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ILA–NCTE Advisory Explains Research Base Supporting Teacher Preparation Programs

BY DAN MANGAN
 | Jun 28, 2017

Teacher Preparation Not just anyone can be an effective teacher, let alone an effective literacy teacher. Yet the tenor of recent policy debates in the United States has often been highly critical of the nation’s teaching corps, and especially so with respect to initial licensure programs.

While these programs demonstrate differing levels of quality and rigor, the creeping assumption has been that the nation’s schools need better teachers than they are getting, and that alternative pathways to teacher certification should be an urgent priority.

But there’s a crucial defect at the very root of the discussion, a defect which a combined task force of the International Literacy Association (ILA) and the National Council of Teachers of English (NCTE) has now brought to light, namely the lack of research behind many of the negative claims regarding teacher preparation.

Victoria RiskoThe ILA–NCTE Literacy Teacher Preparation research advisory was researched by the joint task force and drafted by Victoria J. Risko (pictured on the right), professor emerita at Peabody College's Department of Teaching and Learning at Vanderbilt University, and Louann Reid (pictured below), professor and chair of the Department of English at Colorado State University. It brings to the policy clash a much-needed counterpoint, answering the narrowness of political remedies with a set of defining, evidence-based characteristics of effective teacher preparation programs.

Louann ReidPredicated on an extensive review of the research findings, the advisory acknowledges the lack of any large-scale, longitudinal study to date that follows teachers across their coursework and into their careers.

However, it emphasizes that a convergence across numerous studies of teacher learning and practice, as well as evidence from analyses of effective teacher preparation programs, identify four critical quality indicators for prospective teachers’ learning and new teachers’ performance:

  • Knowledge development. Teacher preparation entails the acquisition of a foundational knowledge of multiple literacies, literacy learning, language development, curriculum, theories of teaching and learning, and subject matter content and pedagogy. Coursework addresses issues such as race, class, gender, culture, language, educational equity, and teaching for social justice. This preparation broadens new teachers’ perspectives and helps them to see students’ differences as assets.
  • Authentic contexts. Instructional competency is developed by strong field experience in authentic settings. Field experience with guidance and mentoring develops prospective new teachers’ skills in providing differentiated instruction, including engagement with culturally and linguistically diverse students. It also develops their personal approaches to pedagogy and assessment, and encourages them to join professional learning communities. Lacking such preparation, a new classroom teacher may become overwhelmed.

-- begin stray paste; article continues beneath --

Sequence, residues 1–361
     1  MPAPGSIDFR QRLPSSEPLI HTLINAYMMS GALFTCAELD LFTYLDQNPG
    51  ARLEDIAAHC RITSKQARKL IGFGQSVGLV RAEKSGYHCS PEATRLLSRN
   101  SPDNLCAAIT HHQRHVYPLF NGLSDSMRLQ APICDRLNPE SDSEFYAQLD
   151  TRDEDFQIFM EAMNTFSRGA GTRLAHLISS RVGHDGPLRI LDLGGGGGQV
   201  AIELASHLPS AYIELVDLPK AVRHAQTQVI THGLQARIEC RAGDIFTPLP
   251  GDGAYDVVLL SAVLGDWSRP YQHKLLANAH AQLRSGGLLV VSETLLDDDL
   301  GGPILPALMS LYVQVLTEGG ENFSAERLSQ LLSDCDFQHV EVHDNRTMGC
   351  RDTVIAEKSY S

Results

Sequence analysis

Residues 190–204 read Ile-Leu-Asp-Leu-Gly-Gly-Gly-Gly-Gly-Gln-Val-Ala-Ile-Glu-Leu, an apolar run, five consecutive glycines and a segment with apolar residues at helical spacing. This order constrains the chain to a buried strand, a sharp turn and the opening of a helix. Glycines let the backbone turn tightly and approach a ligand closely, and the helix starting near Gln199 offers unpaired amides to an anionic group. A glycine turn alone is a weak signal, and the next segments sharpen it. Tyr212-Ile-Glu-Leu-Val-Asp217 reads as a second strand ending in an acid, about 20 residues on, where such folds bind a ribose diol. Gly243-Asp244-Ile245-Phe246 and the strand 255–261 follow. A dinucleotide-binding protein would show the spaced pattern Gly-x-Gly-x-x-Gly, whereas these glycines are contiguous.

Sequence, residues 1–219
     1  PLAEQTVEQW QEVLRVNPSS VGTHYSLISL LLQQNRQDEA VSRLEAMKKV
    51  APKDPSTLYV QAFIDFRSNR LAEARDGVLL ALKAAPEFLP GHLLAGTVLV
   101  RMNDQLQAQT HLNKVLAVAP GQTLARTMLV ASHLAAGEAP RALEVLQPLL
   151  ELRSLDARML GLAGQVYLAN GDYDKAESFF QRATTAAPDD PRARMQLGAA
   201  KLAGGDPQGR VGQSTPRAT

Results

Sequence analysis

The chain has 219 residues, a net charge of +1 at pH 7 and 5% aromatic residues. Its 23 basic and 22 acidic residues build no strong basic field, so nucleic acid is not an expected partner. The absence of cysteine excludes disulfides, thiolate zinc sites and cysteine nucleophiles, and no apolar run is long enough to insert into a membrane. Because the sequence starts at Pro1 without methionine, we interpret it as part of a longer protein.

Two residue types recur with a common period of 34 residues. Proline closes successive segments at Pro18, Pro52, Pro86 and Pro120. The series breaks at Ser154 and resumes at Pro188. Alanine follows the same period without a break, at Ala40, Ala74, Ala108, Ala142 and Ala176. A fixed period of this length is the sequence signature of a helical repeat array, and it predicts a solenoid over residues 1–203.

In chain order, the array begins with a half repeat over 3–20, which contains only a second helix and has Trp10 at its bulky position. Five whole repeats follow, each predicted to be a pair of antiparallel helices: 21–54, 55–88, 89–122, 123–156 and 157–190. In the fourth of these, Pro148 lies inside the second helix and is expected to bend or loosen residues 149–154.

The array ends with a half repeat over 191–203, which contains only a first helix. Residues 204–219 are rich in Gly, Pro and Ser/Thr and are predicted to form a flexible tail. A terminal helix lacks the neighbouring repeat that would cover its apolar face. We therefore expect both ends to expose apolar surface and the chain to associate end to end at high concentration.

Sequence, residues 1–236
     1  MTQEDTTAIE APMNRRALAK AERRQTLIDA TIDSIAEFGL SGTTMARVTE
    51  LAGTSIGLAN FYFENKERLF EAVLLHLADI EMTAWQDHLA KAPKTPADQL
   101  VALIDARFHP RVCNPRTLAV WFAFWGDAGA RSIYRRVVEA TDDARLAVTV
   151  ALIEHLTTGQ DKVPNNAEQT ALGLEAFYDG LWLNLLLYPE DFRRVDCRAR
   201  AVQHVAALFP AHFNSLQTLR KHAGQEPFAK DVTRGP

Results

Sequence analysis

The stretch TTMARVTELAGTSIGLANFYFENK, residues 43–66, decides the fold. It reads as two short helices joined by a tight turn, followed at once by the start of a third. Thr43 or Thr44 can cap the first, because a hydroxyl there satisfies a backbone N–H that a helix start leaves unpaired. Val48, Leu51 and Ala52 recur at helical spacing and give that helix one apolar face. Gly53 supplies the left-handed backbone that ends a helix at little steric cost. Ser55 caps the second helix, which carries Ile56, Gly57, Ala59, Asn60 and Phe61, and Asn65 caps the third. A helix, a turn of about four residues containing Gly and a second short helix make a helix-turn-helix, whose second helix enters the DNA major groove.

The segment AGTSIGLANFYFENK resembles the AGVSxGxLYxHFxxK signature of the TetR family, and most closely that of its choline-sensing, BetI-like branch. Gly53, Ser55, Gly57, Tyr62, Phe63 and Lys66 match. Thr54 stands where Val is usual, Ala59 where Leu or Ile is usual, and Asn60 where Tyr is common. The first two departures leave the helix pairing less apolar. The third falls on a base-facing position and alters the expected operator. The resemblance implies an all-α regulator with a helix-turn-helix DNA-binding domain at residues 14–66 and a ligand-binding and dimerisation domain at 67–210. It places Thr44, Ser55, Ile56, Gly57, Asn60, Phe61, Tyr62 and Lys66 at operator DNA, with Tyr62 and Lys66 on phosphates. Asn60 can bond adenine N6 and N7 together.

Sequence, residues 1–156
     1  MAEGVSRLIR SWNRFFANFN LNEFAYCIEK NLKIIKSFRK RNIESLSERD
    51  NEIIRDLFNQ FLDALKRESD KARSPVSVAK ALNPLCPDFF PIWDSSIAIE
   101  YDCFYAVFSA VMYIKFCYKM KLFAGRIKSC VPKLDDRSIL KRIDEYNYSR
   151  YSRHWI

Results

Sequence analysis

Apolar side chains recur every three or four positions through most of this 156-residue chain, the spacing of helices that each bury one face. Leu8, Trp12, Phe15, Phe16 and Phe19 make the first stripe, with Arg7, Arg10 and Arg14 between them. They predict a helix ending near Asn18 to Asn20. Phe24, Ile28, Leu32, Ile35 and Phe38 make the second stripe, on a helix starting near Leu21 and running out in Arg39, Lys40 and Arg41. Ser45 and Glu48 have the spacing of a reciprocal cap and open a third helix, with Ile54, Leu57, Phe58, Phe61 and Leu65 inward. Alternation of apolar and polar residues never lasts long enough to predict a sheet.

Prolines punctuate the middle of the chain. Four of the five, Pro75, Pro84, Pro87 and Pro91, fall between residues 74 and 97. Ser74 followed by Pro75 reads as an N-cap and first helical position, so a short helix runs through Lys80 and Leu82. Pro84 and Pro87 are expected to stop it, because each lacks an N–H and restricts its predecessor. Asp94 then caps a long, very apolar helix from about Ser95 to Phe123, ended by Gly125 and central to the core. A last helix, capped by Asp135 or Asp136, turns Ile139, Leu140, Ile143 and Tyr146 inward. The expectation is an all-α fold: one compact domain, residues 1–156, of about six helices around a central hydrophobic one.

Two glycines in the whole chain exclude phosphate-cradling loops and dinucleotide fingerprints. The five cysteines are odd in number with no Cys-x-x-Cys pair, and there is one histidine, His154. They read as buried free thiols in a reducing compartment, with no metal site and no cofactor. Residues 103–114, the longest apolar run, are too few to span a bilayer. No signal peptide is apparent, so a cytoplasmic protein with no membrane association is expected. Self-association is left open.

• Ongoing teacher development. Effective teacher preparation programs equip prospective teachers to engage in self-critique and analytical thinking and inspire them to seek continuous professional learning. They provide carefully planned and mentored opportunities for debriefing and reconciling prior beliefs with new knowledge and theories about pedagogy. Without this guidance, prospective teachers may struggle with adapting their approaches to meet students’ needs and responding to the challenges every classroom presents.
  • Ongoing assessments. Four critical assessment points are prominent across teacher preparation programs of excellence: program admission, monitoring students’ progress, benchmarking students’ accomplishments (for example, by building personal teaching portfolios), and tracking success by gathering data on graduates.

Risko, who served as ILA’s lead on the project, emphasizes that claims disavowing the value of teacher education programs are not supported by research.

“We are reporting on the substantial evidence documenting the impact of teacher preparation courses on teachers’ learning, on their teaching practices in the classroom as new teachers and, with some investigations, the impact of teacher preparation on pupil learning,” Risko says.

Reid, who served as NCTE’s lead, stresses two additional points about the advisory.

“An expert teacher never stops learning, and novice teachers need to realize that it’s OK not to know everything right away,” she says.

Reid recommends that preparation programs include partnerships with school districts that have strong induction programs.

 “Some new teachers heed the advice to forget everything they learned in the university because they are now in the real world,” she says.  

The ILA–NCTE advisory is a treasure trove for policy advocates and literacy researchers. More than 140 key reference citations are included in its reference and resource sections. Risko and Reid gave additional insights about the piece in an interview on Education Talk Radio.

Dan ManganDan Mangan is the director of public affairs at the International Literacy Association.


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